Pets may transmit antibiotic-resistant infections to humans, scientists believe.
Professor Nigel French at Massey University in New Zealand said the increasing use of antibiotics in animals may be contributing to the global issue of antimicrobial resistance.
French is the principal investigator of a three-year research which is studying whether pets can transmit antibiotic-resistant infections to humans.
"We will be looking at the risks pets may pose in the transmission of these bacterial diseases that have been identified by the World Health Organisation as a huge and growing public issue," French said.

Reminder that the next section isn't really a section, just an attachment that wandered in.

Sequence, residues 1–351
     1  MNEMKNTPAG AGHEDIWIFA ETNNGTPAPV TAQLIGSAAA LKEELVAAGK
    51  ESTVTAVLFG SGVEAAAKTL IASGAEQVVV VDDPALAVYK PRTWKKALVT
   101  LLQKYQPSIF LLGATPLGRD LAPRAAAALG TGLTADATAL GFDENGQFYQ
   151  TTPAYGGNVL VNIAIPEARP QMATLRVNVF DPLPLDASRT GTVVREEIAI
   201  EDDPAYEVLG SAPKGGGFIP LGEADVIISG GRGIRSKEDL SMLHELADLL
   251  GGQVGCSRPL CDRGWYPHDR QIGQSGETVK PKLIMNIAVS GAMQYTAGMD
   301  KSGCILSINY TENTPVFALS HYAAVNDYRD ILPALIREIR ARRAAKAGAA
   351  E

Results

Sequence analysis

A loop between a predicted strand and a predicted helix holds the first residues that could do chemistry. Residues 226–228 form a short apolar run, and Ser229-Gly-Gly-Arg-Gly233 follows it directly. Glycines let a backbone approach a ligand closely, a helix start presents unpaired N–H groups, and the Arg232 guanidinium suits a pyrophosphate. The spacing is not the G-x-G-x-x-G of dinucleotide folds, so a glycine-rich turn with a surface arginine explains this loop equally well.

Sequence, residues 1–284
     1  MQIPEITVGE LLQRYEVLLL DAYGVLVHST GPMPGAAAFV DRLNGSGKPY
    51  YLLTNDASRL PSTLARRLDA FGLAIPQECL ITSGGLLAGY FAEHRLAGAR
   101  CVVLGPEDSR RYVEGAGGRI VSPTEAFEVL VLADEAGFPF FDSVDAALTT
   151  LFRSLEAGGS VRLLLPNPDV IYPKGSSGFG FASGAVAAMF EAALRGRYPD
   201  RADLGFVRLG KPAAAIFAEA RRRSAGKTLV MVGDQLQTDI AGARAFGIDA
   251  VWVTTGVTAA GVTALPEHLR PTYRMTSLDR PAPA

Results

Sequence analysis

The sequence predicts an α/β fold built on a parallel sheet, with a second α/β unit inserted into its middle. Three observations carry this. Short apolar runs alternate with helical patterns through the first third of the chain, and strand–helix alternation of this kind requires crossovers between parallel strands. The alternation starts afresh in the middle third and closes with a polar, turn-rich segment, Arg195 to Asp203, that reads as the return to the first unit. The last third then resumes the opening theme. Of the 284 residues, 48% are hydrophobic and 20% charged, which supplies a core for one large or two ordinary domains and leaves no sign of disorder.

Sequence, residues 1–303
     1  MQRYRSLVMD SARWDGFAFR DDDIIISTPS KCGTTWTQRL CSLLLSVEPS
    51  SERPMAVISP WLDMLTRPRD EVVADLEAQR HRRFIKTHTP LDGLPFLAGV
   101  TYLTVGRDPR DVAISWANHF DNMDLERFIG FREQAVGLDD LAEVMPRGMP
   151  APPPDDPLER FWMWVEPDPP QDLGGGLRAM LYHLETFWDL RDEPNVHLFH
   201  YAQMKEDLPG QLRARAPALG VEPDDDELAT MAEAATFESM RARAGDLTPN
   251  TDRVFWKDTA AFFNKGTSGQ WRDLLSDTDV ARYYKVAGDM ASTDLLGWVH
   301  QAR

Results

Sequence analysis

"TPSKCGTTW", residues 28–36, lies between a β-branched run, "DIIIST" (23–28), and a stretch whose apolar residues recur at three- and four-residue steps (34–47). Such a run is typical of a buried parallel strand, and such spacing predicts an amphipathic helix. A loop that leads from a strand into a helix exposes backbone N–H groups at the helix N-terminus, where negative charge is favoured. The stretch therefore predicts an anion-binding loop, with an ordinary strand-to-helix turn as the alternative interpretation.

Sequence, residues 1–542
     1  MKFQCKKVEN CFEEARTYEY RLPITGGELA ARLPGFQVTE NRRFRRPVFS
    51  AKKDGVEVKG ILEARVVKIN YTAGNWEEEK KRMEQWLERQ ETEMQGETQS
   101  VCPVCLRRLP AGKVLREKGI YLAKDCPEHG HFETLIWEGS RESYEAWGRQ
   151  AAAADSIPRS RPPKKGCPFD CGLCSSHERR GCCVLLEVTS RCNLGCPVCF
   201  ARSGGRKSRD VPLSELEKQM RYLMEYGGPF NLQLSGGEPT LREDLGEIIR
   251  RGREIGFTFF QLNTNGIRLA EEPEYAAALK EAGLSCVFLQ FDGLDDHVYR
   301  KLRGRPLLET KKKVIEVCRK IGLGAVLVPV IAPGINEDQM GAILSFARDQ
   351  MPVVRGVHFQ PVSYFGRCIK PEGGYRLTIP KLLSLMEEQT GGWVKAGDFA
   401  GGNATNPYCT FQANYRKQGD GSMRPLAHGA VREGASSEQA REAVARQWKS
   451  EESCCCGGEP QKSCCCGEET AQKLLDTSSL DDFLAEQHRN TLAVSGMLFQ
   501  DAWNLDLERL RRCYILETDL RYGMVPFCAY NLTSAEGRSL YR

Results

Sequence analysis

He said there is concern about an increase in the incidence of two particular types of antibiotic-resistant bacteria in New Zealand that commonly cause urinary tract infections.
French said the resistant infections have been found in most household pets and the bacteria is spread by fluids and faeces.
"Animals clean their backside by licking it, so they can get faecal contamination in their mouth and then lick humans. That's how the infection could be transmitted," French said.
"It underlines what most people already know - you shouldn't let your dog lick your face. If the dog licks your hands you should wash your hands afterwards. It's basically hand-hygiene and avoiding too intimate contact with your pet," French said.